Singapore | 26 Aug 2015 | Asia Samachar |
Harminder Pal Singh is exptected to be one of the Sikh contesting in Singapore’s next general election set for Sept 11.
Harminder had his first taste of national politics as a candidate in the last general election in 2011.
“Put us in power… unless we are in power, nothing will actually change,” Harminder Pal told an all-party doalogue organised by the National University of Singapore Society (NUSS) dialogue on Aug 19.
He represented the Singapore Democratic Alliance (SDA) in a 10-party debate last week.
Of course, that is the opposite of the message of the out-going People’s Action Party (PAP), which has ruled Singapore since its independence 50 years ago.
When announcing the dissolution of the Parliament today to pave the way for the snap election, Prime Minister Lee Hsien Loong made the pitch to Singaporeans to chose the team that will set the direction for the next 50 years.
“What we have achieved together in Singapore is special,” Lee said in the announcement made via Facebook.
The out-going Parliament had two Sikh MPs: Inderjit Singh from the PAP and Pritam Singh from the Worker’s Party. Inderjit has announced that he will not be seeking re-election [see story here], while Pritam is exptected to run again.
Harminder, 43, who signs off as ‘Aspiring President’, a personal tagline that he has been ussing for some years now, began his political involvement in 2011 with the Singapore Justice Party.
He was the team leader of the six members fielded under the banner of the Singapore Democratic Alliance in the Pasir Ris Punggol GRC. He is currently SDA’s chief media officer.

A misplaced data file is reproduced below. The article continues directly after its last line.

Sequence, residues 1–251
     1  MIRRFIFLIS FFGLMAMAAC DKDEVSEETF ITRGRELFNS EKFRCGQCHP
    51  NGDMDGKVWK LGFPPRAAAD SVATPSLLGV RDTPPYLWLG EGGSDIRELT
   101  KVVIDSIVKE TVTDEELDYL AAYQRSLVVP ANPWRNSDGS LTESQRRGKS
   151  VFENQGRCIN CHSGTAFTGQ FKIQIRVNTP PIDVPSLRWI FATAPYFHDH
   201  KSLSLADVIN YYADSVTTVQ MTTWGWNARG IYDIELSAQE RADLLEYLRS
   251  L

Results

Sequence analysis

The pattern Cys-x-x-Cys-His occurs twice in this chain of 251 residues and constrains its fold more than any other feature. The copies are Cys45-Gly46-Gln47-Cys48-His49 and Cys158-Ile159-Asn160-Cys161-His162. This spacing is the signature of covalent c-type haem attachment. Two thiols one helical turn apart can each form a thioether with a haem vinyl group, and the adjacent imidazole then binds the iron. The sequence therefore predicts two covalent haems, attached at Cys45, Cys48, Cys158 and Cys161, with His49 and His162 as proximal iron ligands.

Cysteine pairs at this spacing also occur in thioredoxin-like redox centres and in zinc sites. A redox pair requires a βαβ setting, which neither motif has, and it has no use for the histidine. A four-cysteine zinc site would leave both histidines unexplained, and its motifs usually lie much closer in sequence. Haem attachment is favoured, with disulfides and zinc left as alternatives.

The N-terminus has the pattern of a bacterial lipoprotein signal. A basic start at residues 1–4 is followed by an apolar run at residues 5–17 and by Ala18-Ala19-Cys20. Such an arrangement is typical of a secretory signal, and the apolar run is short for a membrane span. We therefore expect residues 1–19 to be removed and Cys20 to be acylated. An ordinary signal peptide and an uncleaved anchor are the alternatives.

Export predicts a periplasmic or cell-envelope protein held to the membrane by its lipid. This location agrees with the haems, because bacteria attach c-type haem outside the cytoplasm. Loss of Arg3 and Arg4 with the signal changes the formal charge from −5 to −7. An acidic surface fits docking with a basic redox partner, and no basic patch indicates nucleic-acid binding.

Harminder, who plays the sitar and electronic keyboard, the moral strength adn strong convictions to help the weaker segments of society to the Sikh values education inculcated in him from young.
“The Gurbani paaths that my mum and dad taught me and my younger sister come in so useful in strengthening my soul. It gives me the ability to face daily obstacles,” he tells Asia Samachar.
His parents are Gurcharan Singh and Daljit Kaur, and his sister is Jasleen Kaur. Gurcharan was a mechanical engineer who was also a master in Indian classical music.
“Sometimes, as young children, we don’t appreciate the strict upbringing that our parents enforced on us. But today I realise, that in busy hustle and bustle of life, I actually miss the Amrit Vela Nitnem in kirtan style and simran sessions that my parents used to bring us too.”
The next general election comes just after a euphoric golden jubilee of Singapore’s independence.
The ruling PAP, the only ruling party known to Singaporeans every since its Independence, much like the Barisan Nasional (BN) coalition across the border in Malaysia, has seen its popular votes sliding over time.
In 2011, PAP won 80 out of the 87 seats in Parliament but saw its popular drop to an all-time low of 60%.
This will be also be the first polls for Singapore without the PAP founder and Singapore’s first prime minister Lee Kuan Yew who died in March.
Harminder Pal stood, literally, head and shoulder above the rest of the speakers at the NUSS dialogue. The next 16 days will decide if he can make break into the Parliament this time around.
MP Inderjit to call it quits (Asia Samachar, 25 July 2015)
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